Conserving species often requires resolving conflicts between habitat needs of endangered species and human demands.
For example, in the U.S. Pacific Northwest, habitat preservation for many species is at odds with timber and mining industries.
Managing habitat for one species might have positive or negative effects on other species.
Conservation biology has attempted to sustain the biodiversity of entire communities, ecosystems, and landscapes.
Ecosystem management is part of landscape ecology, which seeks to make biodiversity conservation part of land-use planning.
The structure of a landscape can strongly influence biodiversity.
Fragmentation and Edges
The boundaries, or edges, between ecosystems are defining features of landscapes.
Some species take advantage of edge communities to access resources from both adjacent areas.
The Biological Dynamics of Forest Fragments Project in the Amazon examines the effects of fragmentation on biodiversity.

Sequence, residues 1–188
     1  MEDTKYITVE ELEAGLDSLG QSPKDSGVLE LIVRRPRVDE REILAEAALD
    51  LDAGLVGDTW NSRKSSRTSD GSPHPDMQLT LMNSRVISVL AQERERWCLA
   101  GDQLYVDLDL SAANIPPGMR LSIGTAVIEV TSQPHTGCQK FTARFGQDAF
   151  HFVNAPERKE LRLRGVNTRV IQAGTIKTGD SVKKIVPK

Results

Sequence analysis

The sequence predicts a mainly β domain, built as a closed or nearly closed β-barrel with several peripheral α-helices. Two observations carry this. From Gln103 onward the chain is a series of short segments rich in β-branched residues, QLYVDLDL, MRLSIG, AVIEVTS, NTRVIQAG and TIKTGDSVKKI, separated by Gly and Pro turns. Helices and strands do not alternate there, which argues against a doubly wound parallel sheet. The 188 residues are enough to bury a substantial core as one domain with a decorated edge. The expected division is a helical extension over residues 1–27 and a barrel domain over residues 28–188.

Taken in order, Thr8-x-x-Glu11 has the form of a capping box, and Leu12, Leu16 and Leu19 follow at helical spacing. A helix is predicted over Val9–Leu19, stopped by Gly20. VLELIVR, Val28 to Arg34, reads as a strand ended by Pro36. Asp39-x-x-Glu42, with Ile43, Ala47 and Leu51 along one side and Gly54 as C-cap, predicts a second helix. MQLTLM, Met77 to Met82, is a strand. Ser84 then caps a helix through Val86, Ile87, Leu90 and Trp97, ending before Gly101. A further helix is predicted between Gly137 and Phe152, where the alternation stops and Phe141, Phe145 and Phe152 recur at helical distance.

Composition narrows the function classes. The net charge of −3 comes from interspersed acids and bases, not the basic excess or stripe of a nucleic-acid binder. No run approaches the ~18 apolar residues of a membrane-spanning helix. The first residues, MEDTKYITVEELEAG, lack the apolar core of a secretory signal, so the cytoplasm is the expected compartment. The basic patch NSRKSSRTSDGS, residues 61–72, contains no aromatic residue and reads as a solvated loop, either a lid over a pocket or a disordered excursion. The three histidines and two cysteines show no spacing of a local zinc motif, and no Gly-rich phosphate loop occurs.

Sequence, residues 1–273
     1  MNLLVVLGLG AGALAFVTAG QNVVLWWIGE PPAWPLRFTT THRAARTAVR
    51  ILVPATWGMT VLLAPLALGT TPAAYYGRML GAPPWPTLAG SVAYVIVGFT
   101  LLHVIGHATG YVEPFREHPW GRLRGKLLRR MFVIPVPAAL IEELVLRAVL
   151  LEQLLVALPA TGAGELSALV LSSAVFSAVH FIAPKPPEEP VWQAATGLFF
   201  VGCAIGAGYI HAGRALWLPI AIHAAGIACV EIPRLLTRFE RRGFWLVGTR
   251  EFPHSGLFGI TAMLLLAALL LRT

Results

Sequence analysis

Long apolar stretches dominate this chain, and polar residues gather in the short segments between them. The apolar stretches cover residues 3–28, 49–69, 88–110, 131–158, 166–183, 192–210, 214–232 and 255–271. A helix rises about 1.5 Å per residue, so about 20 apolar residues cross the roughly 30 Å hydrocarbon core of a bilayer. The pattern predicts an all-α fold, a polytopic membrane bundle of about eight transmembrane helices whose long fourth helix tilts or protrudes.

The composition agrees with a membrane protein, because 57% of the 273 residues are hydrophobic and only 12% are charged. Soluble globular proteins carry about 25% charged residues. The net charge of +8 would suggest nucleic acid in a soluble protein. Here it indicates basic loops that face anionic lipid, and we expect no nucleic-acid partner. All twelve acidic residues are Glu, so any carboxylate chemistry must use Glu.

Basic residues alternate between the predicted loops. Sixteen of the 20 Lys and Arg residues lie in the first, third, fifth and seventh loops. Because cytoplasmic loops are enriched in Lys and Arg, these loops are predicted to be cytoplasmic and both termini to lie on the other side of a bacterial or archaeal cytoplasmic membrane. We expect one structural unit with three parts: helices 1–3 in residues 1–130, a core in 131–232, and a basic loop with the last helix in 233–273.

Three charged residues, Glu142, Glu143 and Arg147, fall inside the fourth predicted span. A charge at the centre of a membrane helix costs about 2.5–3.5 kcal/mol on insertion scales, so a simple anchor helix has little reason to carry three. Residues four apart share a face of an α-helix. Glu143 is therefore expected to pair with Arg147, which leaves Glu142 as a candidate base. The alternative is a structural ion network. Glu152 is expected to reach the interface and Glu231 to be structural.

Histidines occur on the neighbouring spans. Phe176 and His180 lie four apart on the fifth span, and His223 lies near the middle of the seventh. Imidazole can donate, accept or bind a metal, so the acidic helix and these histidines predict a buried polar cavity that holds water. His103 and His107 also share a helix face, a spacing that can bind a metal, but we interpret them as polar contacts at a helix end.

Landscapes dominated by fragmented habitats support fewer species due to a loss of species adapted to habitat interiors.
Edges between ecosystems
(a) Natural edges
(b) Edges created by human activity
Corridors That Connect Habitat Fragments
A movement corridor is a narrow strip of quality habitat connecting otherwise isolated patches.
Movement corridors promote dispersal and help sustain populations.
In areas of heavy human use, artificial corridors are sometimes constructed.
An artificial corridor
Conservation biologists apply understanding of ecological dynamics in establishing protected areas to slow the loss of biodiversity. Much of their focus has been on hot spots of biological diversity.
A biodiversity hot spot is a relatively small area with a great concentration of endemic species and many endangered and threatened species.
Biodiversity hot spots are good choices for nature reserves, but identifying them is not always easy.
Earth’s terrestrial and marine biodiversity hot spots